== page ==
The Boy and the Piano


Luis Dias

The John Lewis & Partners (a chain of high-end department stores in the UK) Christmas advert has become something of an annual tradition in British popular culture ever since the first advert was launched in 2007, and is one of the signs that the countdown to Christmas has begun.

Of all the adverts, last year’s offering, ‘The Boy and the Piano’ (described as a ‘viral love letter to music lessons’), which featured Sir Elton John, was voted the UK’s favourite.

Since its release, it has been viewed over 13 million times on YouTube, and when it was launched the advert achieved a search interest score of 79/100.

The advert “warmed the nation’s hearts by focusing on the joy of music”. Indeed, it is more than just a plug for John Lewis. By re-enacting vignettes from Elton’s John’s life, backwards from his superstardom through to his early years on the road, and even further back in time to his pub-playing nights all the way to a magical Christmas morning when he finds his grandmother’s upright piano waiting for him in the living room, all gift-wrapped, we are reminded what a powerful gift music can be.

It isn’t clear whether Elton John did indeed get his grandmother’s piano as a Christmas gift, but it is certain that it was his earliest introduction to music. Within a year, his mother recalls, he was picking out the tune of ‘Les Patineurs Valse’ (better known as the ‘Skaters’ Waltz’) by Emile Waldteufel by ear, and had begun to play at parties and family gatherings. His family got the message, and enrolled him for formal music lessons when he was seven. You could make the case that the exposure to his grandmother’s piano (whether gift-wrapped or not, whether on Christmas morning or not) altered Elton John’s life and made him the towering icon he is today.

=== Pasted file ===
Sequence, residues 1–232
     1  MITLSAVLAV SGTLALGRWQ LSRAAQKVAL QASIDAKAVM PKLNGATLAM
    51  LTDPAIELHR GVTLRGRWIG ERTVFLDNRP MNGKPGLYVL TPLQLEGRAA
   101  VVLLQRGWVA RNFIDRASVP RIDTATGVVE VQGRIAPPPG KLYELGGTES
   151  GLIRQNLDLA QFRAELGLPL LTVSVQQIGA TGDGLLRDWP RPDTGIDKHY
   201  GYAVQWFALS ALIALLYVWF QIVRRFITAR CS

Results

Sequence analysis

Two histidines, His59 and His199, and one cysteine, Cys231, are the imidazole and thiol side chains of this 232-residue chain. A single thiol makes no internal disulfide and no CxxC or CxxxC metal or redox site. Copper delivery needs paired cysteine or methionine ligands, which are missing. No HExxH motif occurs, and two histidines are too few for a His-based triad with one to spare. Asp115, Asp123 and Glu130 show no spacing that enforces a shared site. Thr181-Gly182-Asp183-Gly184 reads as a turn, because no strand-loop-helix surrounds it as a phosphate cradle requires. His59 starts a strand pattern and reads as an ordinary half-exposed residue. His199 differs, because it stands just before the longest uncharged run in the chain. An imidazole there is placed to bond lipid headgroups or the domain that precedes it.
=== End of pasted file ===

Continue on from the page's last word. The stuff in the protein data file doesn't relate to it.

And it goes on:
He evidently agrees:  “It [was] a lovely opportunity for me to reflect on my life in music and the incredible journey I have been on, and how first playing my grandmother’s piano marks the moment when music came into my life,” he told the press about the advert.

“It’s the story of how a gift changes a little boy’s life,” says Richard Brim, chief creative officer of the team that produced the short film.

The film begins and ends with him picking out the notes of his ‘My Song’. “My gift is my song”, he sings. One gift begets another.“Some gifts are more than just a gift.” This is the parting shot, the punch-line of the advert.

Indeed, the gift of music is much, much more than “just a gift”. The joy, the sustenance, the nourishment, the emotional support even, that one gets from music is indescribable; it has to be experienced. It is a gift that goes on giving.

I have written before on the beneficial effect of music lessons on a child’s academic performance, and the positive neurophysiological changes in the brain from early exposure to music (lasting well into later life, staving off dementia among other advantages), so I won’t repeat them here.

The University of Cambridge has developed research proving how music can help people better themselves. Specifically, they found that children who make music together are becoming more compassionate and gaining a key component of emotional intelligence. Isn’t this something our country, our world, needs more of? It is one of the many reasons behind our ensemble, Camerata Child’s Play India.